(Spasmodic Torticollis; Cervical Dystonia)
Torticollis is a chronic condition in which the neck muscles contract involuntarily. This causes the head to turn and tilt to one side, and the chin to point to the opposite side. Sometimes one shoulder is lifted. The muscle contraction may be constant (fixed) or may come and go (intermittent). The abnormal posture caused by tilting the head may lead to neck pain.
Torticollis may be present at birth (congenital) or develop later in life (acquired).
The causes are not well understood. Researchers are investigating genetic, environmental, or other underlying mechanisms that may play a role.
Causes may include:
- Genetic defect
- Infant's position during pregnancy or delivery
- Head or neck injury
- Damage or malfunction of the nervous system, specifically the basal ganglia, which is a deep brain structure
- Inner ear or eye problems
- Deformities of the bones or muscles in the neck
- Tumors of the head]]> or neck
- ]]>Arthritis]]> of the neck
- ]]>Gastroesophageal reflux in infants]]> (passage of acid from the stomach into the throat)
Use of certain medications, including:
These factors increase your chance of developing this condition. Tell your doctor if you have any of these risk factors:
- Sex: female
- Age: newborn and children under age 10
- Age: adults aged 30 to 60 years
- Family member with torticollis or similar disorders
Symptoms may include:
- Rotation and tilting of the head to the affected side
- Enlargement of neck muscles, possibly present at birth
- Stiffness of neck muscles
- Painful spasms of neck and upper back muscles
- Limited range of motion of the head and neck
Muscles of the Neck
Torticollis ranges from mild to severe. It usually progresses slowly for 1-5 years, and then plateaus. However, torticollis may persist for life and can result in limited movement and deformed posture.
The doctor will ask about your symptoms and medical history, and perform a physical exam.
Tests may include:
- X-rays]]> of the neck—a test that uses radiation to take a picture of structures inside the body
- ]]>CT scan]]> of the neck—a type of x-ray that uses a computer to make pictures of structures inside the body
- ]]>MRI scan]]> of the neck—a test that uses magnetic waves to make pictures of structures inside the body
The treatment for torticollis depends on whether it is congenital or acquired. Treatment generally centers on physical therapy, oral medication, botulinum toxin injections, and surgery. Possible treatments may include:
- Positioning of the infant to avoid sleeping on one side
- Positioning of toys to encourage turning of the head
- Stretching exercises several times each day
- In some situations, surgery to cut the muscle that causes torticollis
- Deep brain stimulation surgery
- Identifying the cause
- Physical therapy to help relax the muscle and reduce pain
- In some situations, surgery to cut the nerve to the muscle that is in spasm
- Anticholinergic drugs, such as trihexyphenidyl (Artane)]]> , ]]>benztropine (Cogentin)]]> , and ethopropazine (Parsitan)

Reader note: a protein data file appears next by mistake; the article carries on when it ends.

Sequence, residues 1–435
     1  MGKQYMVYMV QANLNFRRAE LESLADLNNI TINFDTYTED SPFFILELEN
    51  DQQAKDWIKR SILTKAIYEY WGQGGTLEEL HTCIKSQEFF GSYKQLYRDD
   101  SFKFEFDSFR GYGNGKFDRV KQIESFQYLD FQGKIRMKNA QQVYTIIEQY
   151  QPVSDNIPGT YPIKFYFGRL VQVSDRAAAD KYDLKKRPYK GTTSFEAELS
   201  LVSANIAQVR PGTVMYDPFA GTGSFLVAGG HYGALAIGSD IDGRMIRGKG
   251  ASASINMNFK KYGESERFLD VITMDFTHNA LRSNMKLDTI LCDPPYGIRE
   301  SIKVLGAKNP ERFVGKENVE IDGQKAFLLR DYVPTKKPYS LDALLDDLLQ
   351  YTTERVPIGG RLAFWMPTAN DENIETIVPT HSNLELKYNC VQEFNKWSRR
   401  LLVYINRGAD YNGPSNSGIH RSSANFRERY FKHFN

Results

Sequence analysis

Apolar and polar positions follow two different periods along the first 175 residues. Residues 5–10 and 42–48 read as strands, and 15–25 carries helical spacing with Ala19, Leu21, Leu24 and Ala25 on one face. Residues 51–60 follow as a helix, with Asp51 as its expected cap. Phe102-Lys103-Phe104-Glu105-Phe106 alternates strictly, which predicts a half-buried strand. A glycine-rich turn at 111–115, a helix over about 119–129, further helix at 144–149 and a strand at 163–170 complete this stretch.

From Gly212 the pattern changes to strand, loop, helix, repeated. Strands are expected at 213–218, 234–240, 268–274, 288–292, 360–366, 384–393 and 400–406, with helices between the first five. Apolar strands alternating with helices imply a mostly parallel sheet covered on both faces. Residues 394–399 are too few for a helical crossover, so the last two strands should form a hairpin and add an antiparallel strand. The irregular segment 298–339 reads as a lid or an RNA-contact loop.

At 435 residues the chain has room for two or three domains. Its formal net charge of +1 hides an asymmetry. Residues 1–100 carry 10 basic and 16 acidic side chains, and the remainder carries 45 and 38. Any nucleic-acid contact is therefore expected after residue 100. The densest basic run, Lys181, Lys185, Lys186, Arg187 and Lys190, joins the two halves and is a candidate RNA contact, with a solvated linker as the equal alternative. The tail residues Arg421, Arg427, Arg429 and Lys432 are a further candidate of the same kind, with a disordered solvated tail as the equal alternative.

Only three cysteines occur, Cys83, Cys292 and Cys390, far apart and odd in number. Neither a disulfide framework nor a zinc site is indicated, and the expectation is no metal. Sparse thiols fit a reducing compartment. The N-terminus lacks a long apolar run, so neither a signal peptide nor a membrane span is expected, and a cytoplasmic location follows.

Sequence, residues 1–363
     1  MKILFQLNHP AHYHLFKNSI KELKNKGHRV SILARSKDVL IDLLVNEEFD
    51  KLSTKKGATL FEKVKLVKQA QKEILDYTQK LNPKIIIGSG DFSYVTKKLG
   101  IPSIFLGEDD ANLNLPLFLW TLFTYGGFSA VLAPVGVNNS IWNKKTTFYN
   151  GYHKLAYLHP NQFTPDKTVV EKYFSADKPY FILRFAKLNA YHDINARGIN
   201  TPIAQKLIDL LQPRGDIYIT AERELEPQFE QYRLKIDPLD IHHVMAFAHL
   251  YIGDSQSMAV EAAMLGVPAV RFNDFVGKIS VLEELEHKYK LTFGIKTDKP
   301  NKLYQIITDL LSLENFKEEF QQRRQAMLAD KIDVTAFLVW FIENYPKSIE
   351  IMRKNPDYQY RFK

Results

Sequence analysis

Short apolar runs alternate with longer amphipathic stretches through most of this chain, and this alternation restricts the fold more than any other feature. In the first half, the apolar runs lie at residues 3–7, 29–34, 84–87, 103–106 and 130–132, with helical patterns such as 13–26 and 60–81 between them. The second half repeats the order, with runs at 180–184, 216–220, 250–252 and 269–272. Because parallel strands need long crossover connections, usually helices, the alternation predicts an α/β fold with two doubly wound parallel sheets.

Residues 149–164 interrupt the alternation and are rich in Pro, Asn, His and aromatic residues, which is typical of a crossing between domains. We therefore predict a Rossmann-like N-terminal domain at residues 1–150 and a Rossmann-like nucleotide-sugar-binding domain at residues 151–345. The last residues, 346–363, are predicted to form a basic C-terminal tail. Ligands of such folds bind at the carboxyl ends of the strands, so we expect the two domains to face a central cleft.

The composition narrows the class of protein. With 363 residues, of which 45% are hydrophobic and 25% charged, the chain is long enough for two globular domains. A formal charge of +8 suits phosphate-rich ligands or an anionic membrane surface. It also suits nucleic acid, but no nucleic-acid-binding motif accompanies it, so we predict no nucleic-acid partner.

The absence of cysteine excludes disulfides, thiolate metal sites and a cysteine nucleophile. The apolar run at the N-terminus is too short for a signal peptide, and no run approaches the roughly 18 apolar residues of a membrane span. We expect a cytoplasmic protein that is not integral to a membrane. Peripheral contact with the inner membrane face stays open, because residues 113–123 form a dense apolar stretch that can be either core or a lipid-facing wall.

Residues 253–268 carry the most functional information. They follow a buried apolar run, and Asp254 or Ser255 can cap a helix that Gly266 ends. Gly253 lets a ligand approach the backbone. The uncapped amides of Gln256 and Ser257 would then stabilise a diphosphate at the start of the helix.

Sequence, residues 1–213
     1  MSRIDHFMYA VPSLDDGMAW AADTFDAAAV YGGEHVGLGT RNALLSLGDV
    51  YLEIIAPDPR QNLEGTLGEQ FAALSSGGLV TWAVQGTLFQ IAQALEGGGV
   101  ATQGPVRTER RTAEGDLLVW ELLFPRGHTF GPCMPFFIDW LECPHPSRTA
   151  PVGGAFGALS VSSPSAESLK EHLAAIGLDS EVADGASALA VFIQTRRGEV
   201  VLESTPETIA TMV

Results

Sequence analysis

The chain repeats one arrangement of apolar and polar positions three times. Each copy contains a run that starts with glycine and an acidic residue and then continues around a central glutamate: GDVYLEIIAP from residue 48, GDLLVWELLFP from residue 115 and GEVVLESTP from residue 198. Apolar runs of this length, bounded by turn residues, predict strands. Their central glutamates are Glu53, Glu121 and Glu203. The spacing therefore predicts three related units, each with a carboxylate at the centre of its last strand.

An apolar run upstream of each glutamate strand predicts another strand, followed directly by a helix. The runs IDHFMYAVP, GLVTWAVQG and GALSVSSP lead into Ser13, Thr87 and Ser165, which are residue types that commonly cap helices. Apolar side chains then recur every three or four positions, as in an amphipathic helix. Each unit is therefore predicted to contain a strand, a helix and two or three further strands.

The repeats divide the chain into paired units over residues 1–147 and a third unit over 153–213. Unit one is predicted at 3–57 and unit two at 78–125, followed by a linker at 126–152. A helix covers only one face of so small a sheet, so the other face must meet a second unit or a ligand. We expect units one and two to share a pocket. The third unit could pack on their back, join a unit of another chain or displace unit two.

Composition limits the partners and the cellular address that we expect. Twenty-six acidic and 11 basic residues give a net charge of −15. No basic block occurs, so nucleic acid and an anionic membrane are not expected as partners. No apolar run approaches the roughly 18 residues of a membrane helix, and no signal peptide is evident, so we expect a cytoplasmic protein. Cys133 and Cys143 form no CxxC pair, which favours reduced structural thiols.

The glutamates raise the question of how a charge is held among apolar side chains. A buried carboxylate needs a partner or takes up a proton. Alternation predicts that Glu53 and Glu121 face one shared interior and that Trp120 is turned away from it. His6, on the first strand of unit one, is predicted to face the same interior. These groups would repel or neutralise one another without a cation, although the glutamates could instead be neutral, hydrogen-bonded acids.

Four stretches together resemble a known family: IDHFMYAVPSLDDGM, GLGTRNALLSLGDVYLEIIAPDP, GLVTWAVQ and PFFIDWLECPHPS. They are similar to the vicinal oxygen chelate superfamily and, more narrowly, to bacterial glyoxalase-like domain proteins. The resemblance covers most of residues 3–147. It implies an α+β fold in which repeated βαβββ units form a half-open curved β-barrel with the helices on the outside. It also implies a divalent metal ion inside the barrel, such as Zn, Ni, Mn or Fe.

- Dopaminergic drugs that increase dopamine levels, such as ]]>levodopa (Sinemet or Madopar)]]> or ]]>bromocriptine (Parlodel)]]> , or conversely, drugs that decrease dopamine levels such as, ]]>clozapine (Clozaril)]]> and ]]>tetrabenazine (Nitoman)]]>
- Benzodiazepines that block Gaba-A receptors, such as diazepam ]]>(Valium)]]> or ]]>clonazepam]]> (Klonopin)
- Injection of ]]>botulinum toxin]]> to weaken or partially paralyze the muscle—This may help improve neck posture, but only if begun soon after torticollis begins. The drug's effect wears off after several months and treatment must be repeated.
- Injection of alcohol or phenol to deaden the nerve that causes the muscle contraction
Each of these options has risks and benefits. Work with your doctor to find the right treatment for you.
Dystonia Medical Research Foundation
National Spasmodic Torticollis Association
Worldwide Education and Awareness for Movement Disorders
Canadian Family Physician
Beers MH, Berkow R. The Merck Manual Diagnosis and Therapy . 17th ed. Whitehouse Station, NJ: Merck & Co; 1999.
Collins A, Jankovic J. Botulinum toxin injection for congenital muscular torticollis presenting in children and adults. Neurology . 2006;67:1083-1085.
Corrado G, Fossati C, Turchetti A, Pacchiarotti C, Nardelli F, D'Eufemia P. Irritable oesophagus: A new cause of Sandifer's syndrome. Acta Paediatr . 2006;95:1509-1510.
Herman MJ. Torticollis in infants and children: common and unusual causes. Instr Course Lect . 2006;55:647-653.
National Institute of Child Health and Human Development website. Available at: http://www.nichd.nih.gov/ .
National Institute of Neurological Disorders and Stroke website. Available at: http://www.ninds.nih.gov/ .
Preto TE, Dalvi A, Kang UJ, Penn RD. A prospective blinded evaluation of deep brain stimulation for the treatment of secondary dystonia nad primary torticollis syndromes. J Neurosurg. 2008;109:405-409.
Last reviewed January 2009 by ]]>Rimas Lukas, MD]]>
Please be aware that this information is provided to supplement the care provided by your physician. It is neither intended nor implied to be a substitute for professional medical advice. CALL YOUR HEALTHCARE PROVIDER IMMEDIATELY IF YOU THINK YOU MAY HAVE A MEDICAL EMERGENCY. Always seek the advice of your physician or other qualified health provider prior to starting any new treatment or with any questions you may have regarding a medical condition.
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